Laurie Quillian believes she shouldn't have to pay a $150 parking ticket from this summer for parking in a bus stop zone on Grande Boulevard.

She is seeking the cancellation of the parking ticket, a total review of the bylaws of the Colt Bus Stop signs, restitution of $1,000 for time and energy spent on the issue, and the reimbursement to every person that has received a $150 parking ticket.

She argues the sign is not situated in a manner to make it easily visible to motorists, the yellow warning paint on the curve didn't reach or go past the sign at the time, and the sign isn't easily recognizable.

In addition to time spent researching the issue, Quillian said she took time off work to appear at Provincial Court on Dec. 18, only to have court cancelled that day. A new appearance date has to be scheduled.

Transit coordinator Devin LaFleche told council the signs meet provincial regulations, are of standard size, and the laws she researched don't apply to Transit signage.

Yellow caution paint isn't commonly included for bus stops elsewhere in the province but since the issue arose, the town has painted the curbs at 12 bus stops in the downtown area to draw further attention to their location.

He says it also isn't common for the words "No Parking" to be included on bus stop signage.

"We did put some thought into adding no parking. We couldn't go much bigger due to the fact that there was concern from our roads team, that we didn't want to go with too large of a sign, also that seems to be the standard across the industry."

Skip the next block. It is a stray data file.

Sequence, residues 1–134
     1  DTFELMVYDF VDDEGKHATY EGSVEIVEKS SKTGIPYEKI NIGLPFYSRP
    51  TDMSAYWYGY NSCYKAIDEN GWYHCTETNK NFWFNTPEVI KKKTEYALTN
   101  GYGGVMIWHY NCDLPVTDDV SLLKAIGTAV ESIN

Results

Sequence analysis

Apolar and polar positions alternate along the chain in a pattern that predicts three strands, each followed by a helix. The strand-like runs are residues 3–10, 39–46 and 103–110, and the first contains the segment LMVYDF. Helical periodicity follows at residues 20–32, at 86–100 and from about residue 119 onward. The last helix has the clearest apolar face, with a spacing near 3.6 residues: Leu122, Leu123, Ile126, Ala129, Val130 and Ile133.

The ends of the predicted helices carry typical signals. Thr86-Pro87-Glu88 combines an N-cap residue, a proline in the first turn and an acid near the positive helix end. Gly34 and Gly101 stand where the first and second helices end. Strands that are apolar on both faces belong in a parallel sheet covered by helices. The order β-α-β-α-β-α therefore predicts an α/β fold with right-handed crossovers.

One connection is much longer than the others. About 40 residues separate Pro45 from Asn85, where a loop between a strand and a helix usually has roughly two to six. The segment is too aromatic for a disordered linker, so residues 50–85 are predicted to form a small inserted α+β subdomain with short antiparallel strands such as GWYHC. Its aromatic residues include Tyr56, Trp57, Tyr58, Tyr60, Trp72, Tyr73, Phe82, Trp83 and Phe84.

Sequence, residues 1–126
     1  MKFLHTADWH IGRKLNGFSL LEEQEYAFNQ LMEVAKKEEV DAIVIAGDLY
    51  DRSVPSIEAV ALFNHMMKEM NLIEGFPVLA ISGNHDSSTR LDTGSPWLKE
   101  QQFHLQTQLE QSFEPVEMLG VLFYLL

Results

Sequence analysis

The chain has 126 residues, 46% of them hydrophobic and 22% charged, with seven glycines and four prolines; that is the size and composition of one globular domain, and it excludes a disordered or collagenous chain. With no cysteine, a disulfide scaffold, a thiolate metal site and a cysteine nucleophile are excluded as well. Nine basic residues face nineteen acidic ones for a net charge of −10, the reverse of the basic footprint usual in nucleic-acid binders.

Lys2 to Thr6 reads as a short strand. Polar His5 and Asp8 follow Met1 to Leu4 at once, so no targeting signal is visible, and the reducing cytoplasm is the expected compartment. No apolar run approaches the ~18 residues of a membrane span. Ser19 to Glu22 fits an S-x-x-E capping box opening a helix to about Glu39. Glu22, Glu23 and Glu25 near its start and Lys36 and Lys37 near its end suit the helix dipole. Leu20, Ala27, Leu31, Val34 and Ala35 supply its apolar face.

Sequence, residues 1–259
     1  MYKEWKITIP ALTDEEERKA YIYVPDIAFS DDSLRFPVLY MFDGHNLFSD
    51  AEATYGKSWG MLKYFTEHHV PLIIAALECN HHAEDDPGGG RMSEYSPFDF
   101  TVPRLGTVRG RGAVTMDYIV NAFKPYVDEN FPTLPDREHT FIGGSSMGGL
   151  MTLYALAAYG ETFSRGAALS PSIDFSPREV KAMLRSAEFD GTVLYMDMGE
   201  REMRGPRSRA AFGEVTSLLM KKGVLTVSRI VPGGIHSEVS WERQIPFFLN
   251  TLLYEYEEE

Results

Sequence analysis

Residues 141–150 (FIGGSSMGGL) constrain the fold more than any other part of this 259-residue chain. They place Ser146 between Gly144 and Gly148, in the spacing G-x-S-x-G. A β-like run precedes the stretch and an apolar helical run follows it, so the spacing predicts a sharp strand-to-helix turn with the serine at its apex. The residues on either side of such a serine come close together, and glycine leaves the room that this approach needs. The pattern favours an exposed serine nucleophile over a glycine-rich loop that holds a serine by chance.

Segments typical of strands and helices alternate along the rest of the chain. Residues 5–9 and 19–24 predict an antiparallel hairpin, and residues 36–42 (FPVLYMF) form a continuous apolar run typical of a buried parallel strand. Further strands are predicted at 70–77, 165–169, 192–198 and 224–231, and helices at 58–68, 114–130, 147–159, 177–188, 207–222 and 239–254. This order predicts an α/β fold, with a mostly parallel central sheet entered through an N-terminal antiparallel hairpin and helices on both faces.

"These ones are meant to be when you get out, or you're standing there getting information on the COLT sign, as well to know you're not supposed to park there."

He showed examples of bus stop signs from several Alberta municipalities, including Edmonton, Calgary, and Airdrie transit, none of whom commonly paint curbs yellow or include the words "no parking" on their signs.

He said municipal enforcement did provide warnings during the first few months of transit but since then have been issuing tickets.

Information on just how many tickets have been issued, and if similar complaints have been received were requested by council.

Prior to information being provided by LaFleche, Councillor Marni Fedyko said she would support withdrawing the ticket.

"You've indicated, obviously, a very big issue that probably exists. I don't know if we necessarily have the ability to pay the other damages that you're looking for, but I certainly have no problem taking that ticket off your plate and not having you have to worry about that part of it."

Other councillors reserved their views until administration had a chance to investigate and provide a report.

Quillian believes the request for restitution was justifiable.

"It took a long time to go through those provincial signage laws and such to say that, you know what, those signs have to be a little more seen by the drivers and not all of a sudden didn't get a $150 ticket and have 10 days to pay it."

Quillian believes adding the yellow paint to the curb has been helpful, especially along Grande Boulevard.

"I've gone out there and told people to move their vehicles between my clients because they could get a $150 ticket, and they moved it fast."